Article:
The next movie made in Dubuque was F.I.S.T. starring Sylvester Stallone. The 1977 film, of which an estimated 40 percent was filmed in Dubuque, led to approximately four hundred extras being hired. Special effects crews, wanting to recreate the feeling of Cleveland in the Depression era, obtained permission from the Iowa Air Quality Commission to temporarily cloud Dubuque's air. Other crews darkened some buildings. ZIGGY'S, a location used in the movie, became a popular tourist site. The premier of F.I.S.T. was held on April 26, 1978.


Film crews again came to Dubuque for the filming of Take This Job and Shove It. Filming began in August 1980 and led to the hiring of one thousand extras. Filmmakers quickly realized that the story of a struggling manufacturing town and the story of Dubuque were similar. They discarded the name of the movie's fictional town and used Dubuque. Going further, they renamed the character played by veteran actor Art Carney as Charlie Pickett which was patterned after brewery owner Joseph PICKETT, Sr. (34)

Image courtesy: Mike Day. Kendall C. Day family collection.

In 1988 Field of Dreams was made in and around the Dubuque area. (35) Nominated for three Academy Awards in 1990, the film's last scene required Susan RIEDEL to coordinate three thousand extras. Scenes in the film included the downtown area as well as several scenes filmed on the bluffs overlooking the city.

Dubuque has received substantial financial gain from movie production. During the first week of the filming of F.I.S.T., sixty-five local employees worked 2,235 hours and received salaries of $40,000. Salaries paid to seventy-five professional crew members-excluding the principal actors and actresses-totaled $60,000. During the eight weeks of filming, the estimated one thousand film extras earned approximately $200,000. The film company paid an estimated $60,000 to obtain permission to use Dubuque-area locations for filming plus an additional $85,000 to rent Depression-era trucks and cars. Robert KEHL supplied 16,000 meals to the crew during their stay and estimated his revenues at between $90,000 and $100,000. The total financial impact on the community amounted to between $1.5 million and $2 million. (36)

Such locations as Gin Rickeys, MASON DIXON SALOON, and DOG HOUSE LOUNGE (THE) provided background for the movie "Repatriation." The story of a soldier returning home and reestablishing himself with friends at bars, the film was made by Douglas MUELLER, a native Dubuque resident, in 2013 and 2014. Appearing at film festivals in Texas, Illinois, and London, England, the movie was scheduled for its Dubuque premier on November 19, 2017 at MINDFRAME THEATERS. (37)



1. "Bill Boards Will No Longer Offend," The Telegraph-Herald, April 19, 1908, p. 12

2. Advertisement. Aug 2, 1912, p. 5. Online: http://news.google.com/newspapers?id=wk5CAAAAIBAJ&sjid=hqoMAAAAIBAJ&pg=1935,2708917&dq=motion+pictures+dubuque&hl=en

3. "Advertise the City By Motion Pictures," Telegraph Herald, July 14, 1912, p. 6. Online: http://news.google.com/newspapers?id=sE5CAAAAIBAJ&sjid=hqoMAAAAIBAJ&pg=4707,386124&dq=motion+pictures+dubuque&hl=en

4. Ibid.

5. "Finds Dubuque Rich in Scenes," Dubuque Telegraph-Herald, July 10, 1912, p. 8

6. Tyson, H. G. "Pioneer Tells About Days of Film Flickers," Telegraph-Herald, September 15, 1946, p. 7

7. "Scenic Dubuque in Motion Pictures," Telegraph Herald, Nov. 1, 1916, p. 10. Online: http://news.google.com/newspapers?id=kRleAAAAIBAJ&sjid=5l8NAAAAIBAJ&pg=5133,7890322&dq=motion+pictures+dubuque&hl=en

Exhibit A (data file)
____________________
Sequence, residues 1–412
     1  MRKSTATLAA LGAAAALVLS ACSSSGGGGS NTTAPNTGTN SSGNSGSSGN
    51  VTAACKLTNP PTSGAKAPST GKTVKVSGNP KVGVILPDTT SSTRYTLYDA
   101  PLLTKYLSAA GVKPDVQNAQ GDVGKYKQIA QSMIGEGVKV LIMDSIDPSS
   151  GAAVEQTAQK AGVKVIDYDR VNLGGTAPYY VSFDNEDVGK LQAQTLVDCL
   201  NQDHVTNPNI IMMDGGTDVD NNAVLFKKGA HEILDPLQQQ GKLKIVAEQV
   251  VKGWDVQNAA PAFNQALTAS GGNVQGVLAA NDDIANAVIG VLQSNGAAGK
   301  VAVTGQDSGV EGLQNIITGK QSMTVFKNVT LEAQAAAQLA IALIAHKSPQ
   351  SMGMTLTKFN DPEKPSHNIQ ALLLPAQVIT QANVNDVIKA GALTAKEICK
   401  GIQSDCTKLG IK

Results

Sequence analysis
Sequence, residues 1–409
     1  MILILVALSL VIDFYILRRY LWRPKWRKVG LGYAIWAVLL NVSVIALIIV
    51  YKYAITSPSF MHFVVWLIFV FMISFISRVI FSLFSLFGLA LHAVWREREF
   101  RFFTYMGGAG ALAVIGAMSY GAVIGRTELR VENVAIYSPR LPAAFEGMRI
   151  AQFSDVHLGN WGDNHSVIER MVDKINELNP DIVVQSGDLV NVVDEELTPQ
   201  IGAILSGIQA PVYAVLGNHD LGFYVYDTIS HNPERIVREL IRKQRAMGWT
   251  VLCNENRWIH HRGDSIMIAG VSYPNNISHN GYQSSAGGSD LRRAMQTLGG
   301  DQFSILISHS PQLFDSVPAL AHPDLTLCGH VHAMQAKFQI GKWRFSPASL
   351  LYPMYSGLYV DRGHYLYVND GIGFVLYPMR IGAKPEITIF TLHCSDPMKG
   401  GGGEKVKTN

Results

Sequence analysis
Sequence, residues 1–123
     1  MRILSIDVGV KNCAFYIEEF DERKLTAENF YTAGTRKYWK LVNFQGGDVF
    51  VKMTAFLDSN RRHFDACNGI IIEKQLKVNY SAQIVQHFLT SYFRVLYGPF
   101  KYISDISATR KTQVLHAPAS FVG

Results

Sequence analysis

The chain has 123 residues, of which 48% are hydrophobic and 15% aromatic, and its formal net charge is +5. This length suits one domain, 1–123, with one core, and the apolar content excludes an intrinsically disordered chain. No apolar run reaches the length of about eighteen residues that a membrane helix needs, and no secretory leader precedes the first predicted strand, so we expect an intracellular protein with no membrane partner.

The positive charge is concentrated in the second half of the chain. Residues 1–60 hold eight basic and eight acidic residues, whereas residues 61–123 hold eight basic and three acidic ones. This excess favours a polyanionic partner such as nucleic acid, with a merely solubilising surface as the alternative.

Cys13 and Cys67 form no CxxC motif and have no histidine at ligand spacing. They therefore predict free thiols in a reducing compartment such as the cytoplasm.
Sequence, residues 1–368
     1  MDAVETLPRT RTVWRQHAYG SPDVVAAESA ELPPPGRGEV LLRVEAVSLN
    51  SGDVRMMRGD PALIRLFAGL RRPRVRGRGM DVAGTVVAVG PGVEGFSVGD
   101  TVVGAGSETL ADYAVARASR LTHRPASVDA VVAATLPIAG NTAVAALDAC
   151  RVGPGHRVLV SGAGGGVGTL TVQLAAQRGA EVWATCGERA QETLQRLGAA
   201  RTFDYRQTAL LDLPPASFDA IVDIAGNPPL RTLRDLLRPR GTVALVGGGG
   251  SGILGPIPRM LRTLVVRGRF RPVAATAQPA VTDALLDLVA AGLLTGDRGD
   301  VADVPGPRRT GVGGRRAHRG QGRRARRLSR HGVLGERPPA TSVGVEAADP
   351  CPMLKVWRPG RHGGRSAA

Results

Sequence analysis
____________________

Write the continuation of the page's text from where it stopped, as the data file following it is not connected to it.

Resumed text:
8. "Dave Pleaslee Is the Leading Man," Telegraph Herald, June 26, 1916, p. 8. Online. http://news.google.com/newspapers?id=FWZfAAAAIBAJ&sjid=418NAAAAIBAJ&pg=3496,3584612&dq=motion+pictures+dubuque&hl=en

9. Ibid.

10. Ibid.

11. Ibid.

12. Piper, Andy. "Hollywood Calls," 175th Telegraph Herald Commemorative Edition, Mar. 26, 2012, p. 2B

13. Dubuque's Movie Is Given a Title," Dubuque Telegraph-Herald, July 3, 1916, p. 5

14. "Photoplay Was Named by Girl," Dubuque Telegraph-Herald, July 6, 1916, p. 8

15. "Dubuque Photoplay Ready to Show," Dubuque Telegraph-Herald, July 11, 1916, p. 2

16. "Will See Dubuque "Movie" Wednesday," Dubuque Telegraph-Herald, July 9, 1916, p. 5

17. "Praise is Due the Commercial Club," Dubuque Telegraph-Herald, July 14, 1916, p. 4

18. "Film of Dubuque Shown at the Strand," Telegraph Herald, Nov. 28, 1920, p. 21. Online: http://news.google.com/newspapers?id=DRNeAAAAIBAJ&sjid=DGANAAAAIBAJ&pg=1023,7533322&dq=motion+pictures+dubuque&hl=en

19. Tyson, H. G. "Pioneer Tells About Days of Film Flickers," Telegraph-Herald, September 15, 1946, p. 7

20. "Dubuque Pictures Coming Tomorrow," Telegraph Herald, May 19, 1921, p. 5. Online: http://news.google.com/newspapers?id=DoRiAAAAIBAJ&sjid=iHcNAAAAIBAJ&pg=2968,3816268&dq=motion+pictures+dubuque&hl=en

21. Hogstrom, Erik, "Dubuque Theater Shows 1st All-Talking Movie," Telegraph Herald, August 9, 2018, p. 5A

22. "Blue Movie Folks Do Not Get Far in Dubuque District," Dubuque Telegraph-Herald, March 2, 1921, p. 13

23. "Motion Picture Council Assists," Telegraph-Herald and Times-Journal, August 24, 1930, p. 107

24. "Motion Pictures Council Meets," Telegraph-Herald and Times-Journal, June 25, 1930, p. 25

25. "Talks on Work of Pictures Council," Telegraph-Herald and Times-Journal, November 20, 1930, p. 19

26. "To Picture 'Dubuque at War'" Telegraph-Herald, March 5, 1943, p. 6

27. "Fall Plans Made By Council of Church Women," Telegraph-Herald, August 21, 1946, p. 6

28. "News Reel to Show Blast at Dubuque Quarry," Telegraph Herald, May 8, 1931, p. 6. Online: http://news.google.com/newspapers?id=ZL5FAAAAIBAJ&sjid=h70MAAAAIBAJ&pg=1636,5422507&dq=motion+pictures+dubuque&hl=en

29. "Movies Will Show Dubuque People, Businesses and Scenery," Telegraph Herald, Feb. 25, 1934, p. 10. Online: http://news.google.com/newspapers?id=ab5BAAAAIBAJ&sjid=xakMAAAAIBAJ&pg=2699,4093541&dq=motion+pictures+dubuque&hl=en

30. Smith, Peter. " 'Twas A Week of 'Clean' Movies," Telegraph-Herald, June 19, 1970, p. 17

31. "Travelogue to be Filmed in Dubuque," Telegraph Herald, July 12, 1978, p. 18

32. Walters, Steve. "Kennedy Asks Action to Halt 'Triple-X' Films," Telegraph Herald, January 18, 1971, p. 1

33. "Restriction Asked on Admitting Youths to R-Rated Movies," Telegraph Herald, October 18, 1977, p. 8

34. Piper.

35. Ibid.

36. Ibid.

37. Frenzel, Anthony. "Back Home," Telegraph Herald, November 10, 2017, p. 10A

Movie poster for "F.I.S.T." Photo courtesy" Bob Reding
Photo courtesy: Bob Reding
Memento of world premier of "Take This Job" in Dubuque. Photo courtesy: Bob Reding
The "final shot" of "Shoeless Joe" (renamed "Field of Dreams") required hundreds of Dubuque-area residents under the direction of Sue Riedel. Photo courtesy: Bob Reding
Photo courtesy: Bob Reding